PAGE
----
Book: Women of the Bible
Author: H.V. Morton
Dodd, Mead & Company, New York, pp. 204
Excerpt from Introduction:
Watching an Arab girl (on my visit to Beersheba) who seemed to symbolize all the women of the Bible, I thought that I would like to try and sketch a gallery of portraits that includes such magnificent contrasts as Ruth and Jezebel, Abigail and Delilah, Salome and Mary Magdalene.
I have stressed their common humanity and their modernness perhaps more than might have been considered proper in the last century, but that, in my opinion, is their distinctive quality. Most of us have had the opportunity of studying Martha and Mary in our own families, or among the ranks of our friends and acquaintances, some of us, no doubt have known the devoted, firm-minded Sarah, and many are well acquainted with that monument of fierce and doting motherhood, Rebekah, or the "well-favored" Rachel, whose easy charm vanishes into an envious and petulant middle-age. Potiphar's wife moves through the newspapers in a variety of guises, and Delilah is a character known to the police and the legal profession: the female Judas who is always willing to entrap a Samson for silver.
It is indeed the whole of womanhood which is presented to us in the women of the Bible, unchanging, unvarying from age to age: a feminine portrait gallery drawn with a marvelous stark economy and unsurpassed in its variety in the whole of literature.
Excerpt from Book:
Ruth is unique in the history of woman because her story is not primarily that of her love for a man, but of her passionate devotion to a character which modern humor has claimed as its own: her mother-in-law. Only the greatest writer would dare to take this as his theme.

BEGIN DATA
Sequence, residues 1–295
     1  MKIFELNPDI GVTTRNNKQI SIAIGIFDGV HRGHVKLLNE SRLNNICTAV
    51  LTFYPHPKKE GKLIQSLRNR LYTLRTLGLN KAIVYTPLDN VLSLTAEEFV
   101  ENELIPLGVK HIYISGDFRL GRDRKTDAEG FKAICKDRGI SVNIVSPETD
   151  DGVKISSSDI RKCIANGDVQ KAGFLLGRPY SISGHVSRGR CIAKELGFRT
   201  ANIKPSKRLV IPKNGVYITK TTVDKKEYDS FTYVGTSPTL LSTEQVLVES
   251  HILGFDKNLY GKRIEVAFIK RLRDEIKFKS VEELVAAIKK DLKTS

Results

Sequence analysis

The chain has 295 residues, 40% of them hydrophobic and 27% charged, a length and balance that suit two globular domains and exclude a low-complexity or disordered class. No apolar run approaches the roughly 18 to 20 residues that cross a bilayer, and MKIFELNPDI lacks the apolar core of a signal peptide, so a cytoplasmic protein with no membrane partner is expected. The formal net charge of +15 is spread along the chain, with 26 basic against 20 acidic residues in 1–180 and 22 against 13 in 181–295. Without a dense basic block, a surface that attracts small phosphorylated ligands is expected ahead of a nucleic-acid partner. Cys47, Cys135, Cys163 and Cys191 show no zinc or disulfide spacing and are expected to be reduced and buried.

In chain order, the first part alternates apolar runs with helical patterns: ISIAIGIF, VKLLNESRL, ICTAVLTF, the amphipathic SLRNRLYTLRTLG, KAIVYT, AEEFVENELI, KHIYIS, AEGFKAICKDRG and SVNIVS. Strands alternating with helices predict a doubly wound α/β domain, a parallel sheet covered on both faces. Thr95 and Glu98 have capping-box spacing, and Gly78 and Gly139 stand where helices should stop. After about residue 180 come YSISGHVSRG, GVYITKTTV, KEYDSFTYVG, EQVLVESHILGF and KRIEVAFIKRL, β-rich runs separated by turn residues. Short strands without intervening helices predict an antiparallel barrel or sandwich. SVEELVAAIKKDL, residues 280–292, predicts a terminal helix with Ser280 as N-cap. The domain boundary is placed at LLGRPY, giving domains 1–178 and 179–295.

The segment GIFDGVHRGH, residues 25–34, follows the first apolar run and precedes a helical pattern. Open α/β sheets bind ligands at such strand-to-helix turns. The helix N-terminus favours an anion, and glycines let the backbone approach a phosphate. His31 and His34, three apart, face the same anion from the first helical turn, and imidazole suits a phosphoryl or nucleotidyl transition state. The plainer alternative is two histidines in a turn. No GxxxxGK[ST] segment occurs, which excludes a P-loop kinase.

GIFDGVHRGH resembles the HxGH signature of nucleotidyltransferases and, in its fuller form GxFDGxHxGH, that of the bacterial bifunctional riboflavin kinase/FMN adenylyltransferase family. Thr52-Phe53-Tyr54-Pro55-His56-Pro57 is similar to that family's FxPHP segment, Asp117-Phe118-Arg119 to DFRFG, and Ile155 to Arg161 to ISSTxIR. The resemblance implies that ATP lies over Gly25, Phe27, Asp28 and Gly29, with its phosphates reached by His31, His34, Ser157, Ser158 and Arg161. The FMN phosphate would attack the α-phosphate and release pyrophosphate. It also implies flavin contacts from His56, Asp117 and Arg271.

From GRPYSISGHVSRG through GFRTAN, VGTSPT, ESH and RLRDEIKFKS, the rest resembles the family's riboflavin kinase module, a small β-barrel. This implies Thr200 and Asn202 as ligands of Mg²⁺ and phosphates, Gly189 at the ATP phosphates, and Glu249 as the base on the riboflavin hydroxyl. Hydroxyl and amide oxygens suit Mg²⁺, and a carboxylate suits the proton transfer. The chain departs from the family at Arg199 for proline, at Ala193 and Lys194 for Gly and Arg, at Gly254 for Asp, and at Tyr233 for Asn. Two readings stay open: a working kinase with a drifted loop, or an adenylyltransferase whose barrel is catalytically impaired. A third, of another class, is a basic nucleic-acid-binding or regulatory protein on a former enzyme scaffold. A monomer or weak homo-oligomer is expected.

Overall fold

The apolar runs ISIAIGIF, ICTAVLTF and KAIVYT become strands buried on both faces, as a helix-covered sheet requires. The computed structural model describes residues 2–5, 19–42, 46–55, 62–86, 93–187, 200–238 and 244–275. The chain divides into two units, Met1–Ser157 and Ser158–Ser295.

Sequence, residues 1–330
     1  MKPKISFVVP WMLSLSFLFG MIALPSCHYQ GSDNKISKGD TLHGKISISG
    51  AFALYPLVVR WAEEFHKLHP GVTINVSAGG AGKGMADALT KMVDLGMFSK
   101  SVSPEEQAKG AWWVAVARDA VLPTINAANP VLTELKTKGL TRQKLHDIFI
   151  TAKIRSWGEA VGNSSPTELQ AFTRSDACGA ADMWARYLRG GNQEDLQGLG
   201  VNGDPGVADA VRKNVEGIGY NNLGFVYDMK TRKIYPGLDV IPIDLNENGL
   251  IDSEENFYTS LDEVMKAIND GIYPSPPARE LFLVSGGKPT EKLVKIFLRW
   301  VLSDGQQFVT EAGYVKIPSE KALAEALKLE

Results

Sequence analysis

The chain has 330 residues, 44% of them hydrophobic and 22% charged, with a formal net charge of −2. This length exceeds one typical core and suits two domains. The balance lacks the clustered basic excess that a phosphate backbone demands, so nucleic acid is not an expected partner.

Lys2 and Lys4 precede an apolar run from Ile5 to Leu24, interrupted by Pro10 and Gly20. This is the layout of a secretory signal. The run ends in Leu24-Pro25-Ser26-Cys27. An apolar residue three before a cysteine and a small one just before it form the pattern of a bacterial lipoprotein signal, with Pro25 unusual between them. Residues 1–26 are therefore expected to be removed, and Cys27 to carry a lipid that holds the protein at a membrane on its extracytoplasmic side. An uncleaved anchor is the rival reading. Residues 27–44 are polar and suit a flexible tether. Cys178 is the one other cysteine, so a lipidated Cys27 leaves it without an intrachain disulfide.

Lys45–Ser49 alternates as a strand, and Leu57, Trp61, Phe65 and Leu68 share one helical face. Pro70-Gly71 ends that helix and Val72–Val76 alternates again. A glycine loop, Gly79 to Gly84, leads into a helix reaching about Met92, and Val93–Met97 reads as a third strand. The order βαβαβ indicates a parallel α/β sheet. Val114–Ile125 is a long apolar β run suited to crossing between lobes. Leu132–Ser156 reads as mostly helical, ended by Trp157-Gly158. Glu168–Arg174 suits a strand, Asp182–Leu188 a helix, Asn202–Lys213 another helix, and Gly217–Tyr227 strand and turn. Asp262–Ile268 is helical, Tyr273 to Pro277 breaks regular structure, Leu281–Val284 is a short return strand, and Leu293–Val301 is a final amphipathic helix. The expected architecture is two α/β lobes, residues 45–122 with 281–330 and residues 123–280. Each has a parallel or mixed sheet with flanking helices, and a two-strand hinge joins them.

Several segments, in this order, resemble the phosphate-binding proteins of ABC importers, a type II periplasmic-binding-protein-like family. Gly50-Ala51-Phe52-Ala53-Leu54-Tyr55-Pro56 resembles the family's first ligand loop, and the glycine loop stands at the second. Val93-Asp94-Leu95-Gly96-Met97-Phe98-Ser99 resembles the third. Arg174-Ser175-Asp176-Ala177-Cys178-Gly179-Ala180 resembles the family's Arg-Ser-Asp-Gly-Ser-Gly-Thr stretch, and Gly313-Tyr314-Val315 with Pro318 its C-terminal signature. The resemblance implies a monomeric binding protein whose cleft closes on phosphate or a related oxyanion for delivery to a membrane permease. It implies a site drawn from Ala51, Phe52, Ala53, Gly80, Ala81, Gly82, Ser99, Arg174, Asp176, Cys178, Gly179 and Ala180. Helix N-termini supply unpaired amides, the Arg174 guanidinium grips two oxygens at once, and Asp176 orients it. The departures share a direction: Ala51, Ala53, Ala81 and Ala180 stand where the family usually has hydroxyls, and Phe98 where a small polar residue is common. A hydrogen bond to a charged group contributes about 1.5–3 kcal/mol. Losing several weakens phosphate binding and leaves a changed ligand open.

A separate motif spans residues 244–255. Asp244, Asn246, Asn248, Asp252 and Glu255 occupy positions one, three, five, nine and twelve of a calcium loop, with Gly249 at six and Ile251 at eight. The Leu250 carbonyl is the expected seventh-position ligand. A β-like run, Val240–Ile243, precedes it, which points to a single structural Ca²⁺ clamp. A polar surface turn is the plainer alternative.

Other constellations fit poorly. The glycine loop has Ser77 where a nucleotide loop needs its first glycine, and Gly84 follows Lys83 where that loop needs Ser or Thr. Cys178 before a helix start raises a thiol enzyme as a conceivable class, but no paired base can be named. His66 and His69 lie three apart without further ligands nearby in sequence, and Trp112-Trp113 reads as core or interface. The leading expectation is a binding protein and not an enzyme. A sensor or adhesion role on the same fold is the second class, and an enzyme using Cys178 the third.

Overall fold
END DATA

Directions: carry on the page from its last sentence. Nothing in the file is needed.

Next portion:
It is an axiom in modern life that a man's mother and his young wife do not always agree. We all know a few brilliant exceptions to this rule, but I cannot think of any literature other than the Book of Ruth, in which this relationship is exalted.
The character of Ruth is intensely interesting. There is nothing to suggest that she was beautiful, as Rebekah and Rachel were beautiful, or that she was competent, as Sarah was competent. Ruth's outstanding quality was a beauty of heart, a generosity of soul, a firm sense of duty, and a meekness which often goes hand in hand with the gifts of decision.
Her desire to follow Naomi into poverty was no sacrifice. She loved the older woman and asked only to be able to help and to make life easier for her, to work for her and to share her life.
Thus, to my mind, Ruth is not an abnormal character, although she is an unusual one. One must know very little of human nature if one has never met Ruth. But, at the same time, the world does not consider her spectacular or heroic. But the Bible, casting the floodlight of its revelation on her portrait, has placed her among the immortals.
Table of Contents:
3. Lot's wife
6. Potiphar's wife
7. Pharaoh's Daughter
12. The Witch of Endor
15. The Queen of Sheba
18. The Woman of Samaria
19. Martha and Mary
22. Pilate's Wife
23. Mary Magdalene